Change management adds or destroys value: Monna Monnakgotla, KPMG
Change management is not something fluffy, but a pivotal process that impacts the bottom line. That is the firm belief of Monna Monnakgotla, Partner in KPMG’s People & Change service line with 18 years of experience in HR and change management. Monnakgotla was one of the experts during our last exclusive CFO Dinner. Afterwards we were able to chat to him, resulting in these 5 questions and answers.
1. What is the biggest misunderstanding about change management?
A lot of time executives see change management as something fluffy that doesn't add value to their business. They don't have a full understanding of how it supports business transformation, particularly during large-scale restructure. But in order for those processes to succeed, change management plays a crucial role, especially when there are people involved."
"The bottom line is that change management can add or destroy value."
I have been in this business long enough - and research points to the same - that I can say it will have significant consequences if you don't take change management seriously. If there is a R100 million IT implementation happening, you need change management to realise the benefits that the IT solution promises. As change managers we need to talk to executives in their language, to make sure we bridge the gap. The bottom line is that change management can add or destroy value."
2. Can you give an example of successful change management?
We were involved in the merger of three organisations. It was in the public sector, which probably made it extra complex because of the politics involved. We were able to support the amalgamation into one entity by outlining the business case for change. We involved various stakeholders, including organised labour and we identified people that would influence change within the organisation. What we also did was work with the fact that the organisations had people from different cultures. We started to build the framework for one single new culture, involving as many people as possible."
"CFOs can be agents of change themselves as they play an important part around spending money on projects."
It was successful because we also mobilised the leadership. They believed in it, talked the same story and were able to lead from the front. We also needed to deal with the harmonisation of the terms and conditions of employment. That can be a sticky area, but we managed, making sure we consulted with management, the unions and the people on the ground. We were also able to keep the people in the organisation informed of the progress at a regular basis."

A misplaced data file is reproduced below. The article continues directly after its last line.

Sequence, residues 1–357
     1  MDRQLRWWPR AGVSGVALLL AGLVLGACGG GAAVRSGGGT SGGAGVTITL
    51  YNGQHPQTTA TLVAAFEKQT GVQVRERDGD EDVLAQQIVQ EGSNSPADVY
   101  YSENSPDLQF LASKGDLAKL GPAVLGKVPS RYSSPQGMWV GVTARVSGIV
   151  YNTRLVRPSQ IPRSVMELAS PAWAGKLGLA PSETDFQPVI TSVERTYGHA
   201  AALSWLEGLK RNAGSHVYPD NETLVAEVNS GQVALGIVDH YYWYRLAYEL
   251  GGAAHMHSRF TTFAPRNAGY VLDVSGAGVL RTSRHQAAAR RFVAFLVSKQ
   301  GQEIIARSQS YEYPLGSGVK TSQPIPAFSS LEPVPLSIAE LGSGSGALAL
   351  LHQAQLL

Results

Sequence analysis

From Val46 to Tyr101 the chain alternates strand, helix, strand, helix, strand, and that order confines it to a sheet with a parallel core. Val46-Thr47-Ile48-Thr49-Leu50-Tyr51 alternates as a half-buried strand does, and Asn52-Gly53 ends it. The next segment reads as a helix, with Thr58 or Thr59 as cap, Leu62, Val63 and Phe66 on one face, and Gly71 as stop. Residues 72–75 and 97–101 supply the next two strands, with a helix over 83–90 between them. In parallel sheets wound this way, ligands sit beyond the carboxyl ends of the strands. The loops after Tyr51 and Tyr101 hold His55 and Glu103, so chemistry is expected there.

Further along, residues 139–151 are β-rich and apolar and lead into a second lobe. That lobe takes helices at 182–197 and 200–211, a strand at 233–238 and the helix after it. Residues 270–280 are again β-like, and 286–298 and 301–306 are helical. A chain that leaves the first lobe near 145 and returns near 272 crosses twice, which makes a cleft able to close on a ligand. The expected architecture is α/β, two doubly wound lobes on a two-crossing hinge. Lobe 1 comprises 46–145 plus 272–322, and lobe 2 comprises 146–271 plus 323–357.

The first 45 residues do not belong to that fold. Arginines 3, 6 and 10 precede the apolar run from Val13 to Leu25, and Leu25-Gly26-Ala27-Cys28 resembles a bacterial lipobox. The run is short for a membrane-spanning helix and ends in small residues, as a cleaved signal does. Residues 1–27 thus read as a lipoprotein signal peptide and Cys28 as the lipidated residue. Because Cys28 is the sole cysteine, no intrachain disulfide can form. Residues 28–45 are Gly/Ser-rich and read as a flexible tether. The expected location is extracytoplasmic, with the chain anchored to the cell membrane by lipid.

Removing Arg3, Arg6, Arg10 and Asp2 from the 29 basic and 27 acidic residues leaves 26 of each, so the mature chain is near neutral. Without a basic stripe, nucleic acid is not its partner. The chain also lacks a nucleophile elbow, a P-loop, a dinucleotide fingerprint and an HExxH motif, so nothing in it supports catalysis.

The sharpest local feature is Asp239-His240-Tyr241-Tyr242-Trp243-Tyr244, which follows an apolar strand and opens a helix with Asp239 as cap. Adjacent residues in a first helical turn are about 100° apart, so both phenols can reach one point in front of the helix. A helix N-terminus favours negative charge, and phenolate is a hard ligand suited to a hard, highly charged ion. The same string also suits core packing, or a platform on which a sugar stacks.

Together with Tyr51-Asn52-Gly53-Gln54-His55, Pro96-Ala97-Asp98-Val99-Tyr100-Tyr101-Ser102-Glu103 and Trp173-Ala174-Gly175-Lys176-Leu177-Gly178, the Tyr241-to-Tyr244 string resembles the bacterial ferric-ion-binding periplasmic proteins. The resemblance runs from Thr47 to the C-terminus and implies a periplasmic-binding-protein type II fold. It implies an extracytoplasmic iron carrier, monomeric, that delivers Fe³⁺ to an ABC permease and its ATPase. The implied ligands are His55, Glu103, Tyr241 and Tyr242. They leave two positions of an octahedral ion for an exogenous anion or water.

It was not about one-way communication, but we also listened to anxiety and we involved people in shaping the direction of the change. We also started building internal change management capability, because when we leave as consultants the work is not over. We also wrote a change plan, because not everything can be done here and now. Measuring the results of the change initiatives is also important: Are people embracing the changes? If not, why not? There were no major hiccups during that process."
3. What role should CFOs play?
CFOs are part of the senior leadership. They need to understand change and they need to be able to lead from the front as part of a cohesive executive team. CFOs can be agents of change themselves as they play an important part around spending money on projects. Change management should be top of mind when signing off on IT projects or other changes with big financial implications. They need to be able to calculate the risk of not having change management."
4. Where does you own strength lie?
I have many, many years of experience in this area, almost 20 years. My particular skill is mobilising leadership and helping them develop and formulate a strong business case for change. I have been involved in many scenarios and have worked with diverse groups, from unskilled labourers to Board members. What I have noticed is that what works in one organisation, does not necessarily work elsewhere - even within the same sector."
I want to be able to demonstrate to leaders that they have spent their money wisely, when they have used our change management solutions. I still enjoy that, because it is never the same. The field changes so much, with technology and an uncertain world playing a much bigger role now than ten years ago."
5. What are you most proud of in your career?
The difference that I have made to transformation, real meaningful change. I value the fact that I have been able to make a difference to people's life. When I sit back and reflect, I am proud when a project has started off with an apparently insurmountable problem, but through careful management of change we have ended up with people happily working in a rejuvenated work environment."